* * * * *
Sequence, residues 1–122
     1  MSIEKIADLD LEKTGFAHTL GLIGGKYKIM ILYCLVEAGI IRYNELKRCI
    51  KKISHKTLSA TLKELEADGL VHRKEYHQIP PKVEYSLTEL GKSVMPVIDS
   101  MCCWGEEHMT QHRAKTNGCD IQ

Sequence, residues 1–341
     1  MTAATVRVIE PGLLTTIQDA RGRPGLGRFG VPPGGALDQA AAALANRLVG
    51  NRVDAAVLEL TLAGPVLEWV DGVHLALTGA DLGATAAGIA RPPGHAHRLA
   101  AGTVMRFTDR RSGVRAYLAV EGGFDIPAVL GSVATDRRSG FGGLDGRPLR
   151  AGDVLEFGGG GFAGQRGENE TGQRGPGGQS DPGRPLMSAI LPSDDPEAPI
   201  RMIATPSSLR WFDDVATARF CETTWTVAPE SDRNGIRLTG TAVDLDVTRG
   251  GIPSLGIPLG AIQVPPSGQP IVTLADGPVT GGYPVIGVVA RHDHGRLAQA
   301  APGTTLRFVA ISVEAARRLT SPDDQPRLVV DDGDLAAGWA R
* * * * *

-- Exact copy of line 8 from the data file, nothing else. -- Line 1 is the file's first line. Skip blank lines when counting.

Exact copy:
   101  AGTVMRFTDR RSGVRAYLAV EGGFDIPAVL GSVATDRRSG FGGLDGRPLR